Neuropeptides, biogenic amines and acetylcholine are expressed abundantly within the nervous systems of parasitic flatworms, and are particularly evident in the innervation of the musculature. Such associations have implicated the nervous system in locomotion, host attachment and reproductive co-ordination. Information on the muscle systems of parasitic flatworms is generally sparse, in particular those muscles associated with the reproductive system, intestinal tract and attachment apparatus. Also, the use of sectioned material has left description of the 3-dimensional organization of the musculature largely unrecorded. Using fluorescein isothiocyanate (FITC)-labelled phalloidin as a site-specific probe for filamentous actin, applied to whole-mount preparations of adult Fasciola hepatica and examined by confocal scanning laser microscopy, the present work reports on the organization of the major muscle systems in this trematode parasite. A highly regular array of outer circular, intermediate longitudinal and inner diagonal fibres distinguishes the body wall musculature, which is also involved in the development of both ventral and oral suckers. Circular fibres dominate the duct walls of the male and female reproductive systems, whereas the muscles of the intestinal tract have a somewhat diffuse arrangement of fibres. An understanding of the structural complexity of the muscle systems of parasitic flatworms is considered as fundamental to the interpretation of results from physiological experiments.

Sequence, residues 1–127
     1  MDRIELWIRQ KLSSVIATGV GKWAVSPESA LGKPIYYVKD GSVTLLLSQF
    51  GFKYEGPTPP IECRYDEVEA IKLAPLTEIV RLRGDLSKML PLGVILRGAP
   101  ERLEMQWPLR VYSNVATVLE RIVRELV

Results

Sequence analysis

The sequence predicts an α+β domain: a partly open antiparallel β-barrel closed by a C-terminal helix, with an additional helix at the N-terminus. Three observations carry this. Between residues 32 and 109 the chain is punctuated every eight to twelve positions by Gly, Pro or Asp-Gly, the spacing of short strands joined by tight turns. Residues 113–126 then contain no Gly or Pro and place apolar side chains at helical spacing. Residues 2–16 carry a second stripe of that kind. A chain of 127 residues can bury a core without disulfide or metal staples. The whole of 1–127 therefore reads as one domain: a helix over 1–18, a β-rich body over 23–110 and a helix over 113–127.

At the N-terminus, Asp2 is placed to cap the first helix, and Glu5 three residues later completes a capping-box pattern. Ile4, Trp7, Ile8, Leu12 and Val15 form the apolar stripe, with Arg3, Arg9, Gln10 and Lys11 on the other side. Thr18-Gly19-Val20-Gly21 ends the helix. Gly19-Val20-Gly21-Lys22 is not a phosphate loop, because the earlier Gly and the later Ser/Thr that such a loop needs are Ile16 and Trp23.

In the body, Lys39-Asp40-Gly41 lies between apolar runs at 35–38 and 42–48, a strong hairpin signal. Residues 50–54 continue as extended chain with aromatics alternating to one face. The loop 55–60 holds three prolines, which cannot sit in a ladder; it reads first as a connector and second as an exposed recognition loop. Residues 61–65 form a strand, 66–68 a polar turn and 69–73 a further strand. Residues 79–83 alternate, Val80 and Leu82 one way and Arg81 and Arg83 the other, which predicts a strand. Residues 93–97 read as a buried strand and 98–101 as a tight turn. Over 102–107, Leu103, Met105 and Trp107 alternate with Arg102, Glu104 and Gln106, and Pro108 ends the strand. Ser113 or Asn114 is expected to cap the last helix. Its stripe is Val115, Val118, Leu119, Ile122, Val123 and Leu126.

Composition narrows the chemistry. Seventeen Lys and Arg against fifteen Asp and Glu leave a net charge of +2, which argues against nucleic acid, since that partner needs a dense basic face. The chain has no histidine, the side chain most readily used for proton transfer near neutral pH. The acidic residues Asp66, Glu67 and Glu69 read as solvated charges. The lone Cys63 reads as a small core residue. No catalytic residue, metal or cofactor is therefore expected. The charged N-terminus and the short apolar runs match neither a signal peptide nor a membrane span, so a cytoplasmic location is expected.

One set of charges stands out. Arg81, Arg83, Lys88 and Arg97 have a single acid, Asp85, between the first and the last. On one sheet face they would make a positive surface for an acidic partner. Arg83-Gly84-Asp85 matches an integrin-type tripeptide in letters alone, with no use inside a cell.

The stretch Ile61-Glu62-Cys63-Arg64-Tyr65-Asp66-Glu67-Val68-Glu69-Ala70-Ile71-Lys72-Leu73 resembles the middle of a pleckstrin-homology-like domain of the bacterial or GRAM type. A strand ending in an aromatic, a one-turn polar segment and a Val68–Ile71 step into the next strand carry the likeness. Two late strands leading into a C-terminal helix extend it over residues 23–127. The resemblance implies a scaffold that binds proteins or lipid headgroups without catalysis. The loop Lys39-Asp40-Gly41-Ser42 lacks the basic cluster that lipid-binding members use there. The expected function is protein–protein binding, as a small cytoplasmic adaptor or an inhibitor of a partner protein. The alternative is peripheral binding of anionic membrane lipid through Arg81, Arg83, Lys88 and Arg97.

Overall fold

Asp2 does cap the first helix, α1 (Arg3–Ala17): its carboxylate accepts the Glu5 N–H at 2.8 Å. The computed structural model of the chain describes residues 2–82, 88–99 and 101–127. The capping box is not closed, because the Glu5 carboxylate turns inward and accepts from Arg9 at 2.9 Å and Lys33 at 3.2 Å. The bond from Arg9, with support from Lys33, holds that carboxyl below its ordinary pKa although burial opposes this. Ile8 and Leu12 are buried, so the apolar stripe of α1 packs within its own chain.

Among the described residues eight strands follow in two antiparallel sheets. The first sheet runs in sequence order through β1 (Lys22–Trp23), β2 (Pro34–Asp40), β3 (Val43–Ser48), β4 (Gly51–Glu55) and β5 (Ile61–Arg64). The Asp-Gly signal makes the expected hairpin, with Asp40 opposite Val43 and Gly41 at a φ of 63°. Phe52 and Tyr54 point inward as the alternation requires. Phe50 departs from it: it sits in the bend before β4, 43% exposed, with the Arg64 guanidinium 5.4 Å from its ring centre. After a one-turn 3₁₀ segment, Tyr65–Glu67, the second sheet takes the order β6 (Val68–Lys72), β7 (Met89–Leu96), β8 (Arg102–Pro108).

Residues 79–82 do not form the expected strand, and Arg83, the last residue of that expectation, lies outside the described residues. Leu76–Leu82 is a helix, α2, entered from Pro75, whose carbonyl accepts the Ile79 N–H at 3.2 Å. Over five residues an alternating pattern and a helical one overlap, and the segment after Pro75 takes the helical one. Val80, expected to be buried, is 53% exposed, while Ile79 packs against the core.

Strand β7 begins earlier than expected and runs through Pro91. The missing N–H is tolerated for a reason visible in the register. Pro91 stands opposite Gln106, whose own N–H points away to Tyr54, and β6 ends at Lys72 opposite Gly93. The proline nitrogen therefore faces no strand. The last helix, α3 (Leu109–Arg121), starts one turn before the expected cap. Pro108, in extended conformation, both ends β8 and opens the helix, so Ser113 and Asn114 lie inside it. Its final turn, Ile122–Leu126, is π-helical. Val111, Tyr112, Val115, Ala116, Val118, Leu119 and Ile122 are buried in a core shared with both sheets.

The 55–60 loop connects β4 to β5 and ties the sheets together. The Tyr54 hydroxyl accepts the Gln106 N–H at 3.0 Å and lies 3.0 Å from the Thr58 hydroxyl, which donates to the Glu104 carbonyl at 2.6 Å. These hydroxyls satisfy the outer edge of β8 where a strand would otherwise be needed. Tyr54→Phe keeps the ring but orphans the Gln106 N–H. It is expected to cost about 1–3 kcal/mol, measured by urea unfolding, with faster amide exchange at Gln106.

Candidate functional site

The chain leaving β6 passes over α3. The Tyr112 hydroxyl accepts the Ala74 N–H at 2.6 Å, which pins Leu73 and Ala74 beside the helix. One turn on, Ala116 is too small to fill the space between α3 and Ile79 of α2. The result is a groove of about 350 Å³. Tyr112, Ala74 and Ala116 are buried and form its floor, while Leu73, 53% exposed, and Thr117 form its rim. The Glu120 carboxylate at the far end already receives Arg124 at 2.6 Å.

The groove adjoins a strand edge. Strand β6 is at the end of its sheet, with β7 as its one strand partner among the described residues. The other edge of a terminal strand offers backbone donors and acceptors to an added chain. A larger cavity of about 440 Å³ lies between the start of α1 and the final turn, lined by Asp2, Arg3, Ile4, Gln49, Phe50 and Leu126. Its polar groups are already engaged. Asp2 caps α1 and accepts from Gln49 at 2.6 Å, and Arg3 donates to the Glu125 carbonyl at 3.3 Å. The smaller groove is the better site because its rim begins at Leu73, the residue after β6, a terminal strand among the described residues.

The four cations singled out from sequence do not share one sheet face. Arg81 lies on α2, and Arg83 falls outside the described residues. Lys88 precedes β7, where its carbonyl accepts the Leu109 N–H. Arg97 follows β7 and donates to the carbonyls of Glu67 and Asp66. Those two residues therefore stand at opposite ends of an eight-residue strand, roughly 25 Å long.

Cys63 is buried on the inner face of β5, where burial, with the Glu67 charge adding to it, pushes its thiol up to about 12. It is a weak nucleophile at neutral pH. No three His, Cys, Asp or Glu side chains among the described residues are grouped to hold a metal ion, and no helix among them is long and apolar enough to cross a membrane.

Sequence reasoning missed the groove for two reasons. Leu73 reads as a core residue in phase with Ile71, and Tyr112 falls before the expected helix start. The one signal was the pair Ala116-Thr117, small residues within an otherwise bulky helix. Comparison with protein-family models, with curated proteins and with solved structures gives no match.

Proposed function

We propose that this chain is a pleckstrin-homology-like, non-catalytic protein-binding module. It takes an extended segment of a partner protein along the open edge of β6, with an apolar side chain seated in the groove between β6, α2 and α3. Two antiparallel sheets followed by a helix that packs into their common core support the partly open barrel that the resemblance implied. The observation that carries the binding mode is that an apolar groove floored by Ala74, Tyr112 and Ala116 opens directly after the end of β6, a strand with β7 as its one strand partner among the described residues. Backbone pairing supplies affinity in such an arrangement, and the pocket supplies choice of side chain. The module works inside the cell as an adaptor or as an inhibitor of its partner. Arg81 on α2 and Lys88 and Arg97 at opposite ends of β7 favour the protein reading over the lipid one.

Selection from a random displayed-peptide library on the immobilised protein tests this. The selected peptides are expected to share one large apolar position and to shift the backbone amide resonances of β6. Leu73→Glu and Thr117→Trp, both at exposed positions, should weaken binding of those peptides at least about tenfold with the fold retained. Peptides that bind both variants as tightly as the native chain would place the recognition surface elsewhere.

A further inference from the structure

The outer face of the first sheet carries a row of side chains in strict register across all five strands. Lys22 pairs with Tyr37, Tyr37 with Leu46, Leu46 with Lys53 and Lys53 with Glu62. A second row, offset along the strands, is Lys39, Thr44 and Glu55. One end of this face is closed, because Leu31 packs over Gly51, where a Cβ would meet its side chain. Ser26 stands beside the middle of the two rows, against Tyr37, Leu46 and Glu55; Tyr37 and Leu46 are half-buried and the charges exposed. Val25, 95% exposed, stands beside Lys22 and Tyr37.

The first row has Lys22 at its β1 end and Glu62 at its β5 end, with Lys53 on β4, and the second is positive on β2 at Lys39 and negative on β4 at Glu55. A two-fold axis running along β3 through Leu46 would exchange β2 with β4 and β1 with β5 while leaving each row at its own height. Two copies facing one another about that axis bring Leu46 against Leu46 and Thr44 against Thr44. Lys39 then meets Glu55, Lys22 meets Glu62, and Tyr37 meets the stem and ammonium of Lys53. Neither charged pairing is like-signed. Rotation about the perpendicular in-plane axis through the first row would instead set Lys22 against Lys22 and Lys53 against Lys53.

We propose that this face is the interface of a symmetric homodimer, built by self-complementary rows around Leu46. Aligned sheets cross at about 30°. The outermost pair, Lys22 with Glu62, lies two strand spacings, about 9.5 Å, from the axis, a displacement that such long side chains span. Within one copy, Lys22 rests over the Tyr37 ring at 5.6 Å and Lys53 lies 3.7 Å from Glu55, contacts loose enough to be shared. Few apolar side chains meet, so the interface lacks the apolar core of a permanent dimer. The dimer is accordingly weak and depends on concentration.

|Number of pages||8|
|Publication status||Published - 1998|
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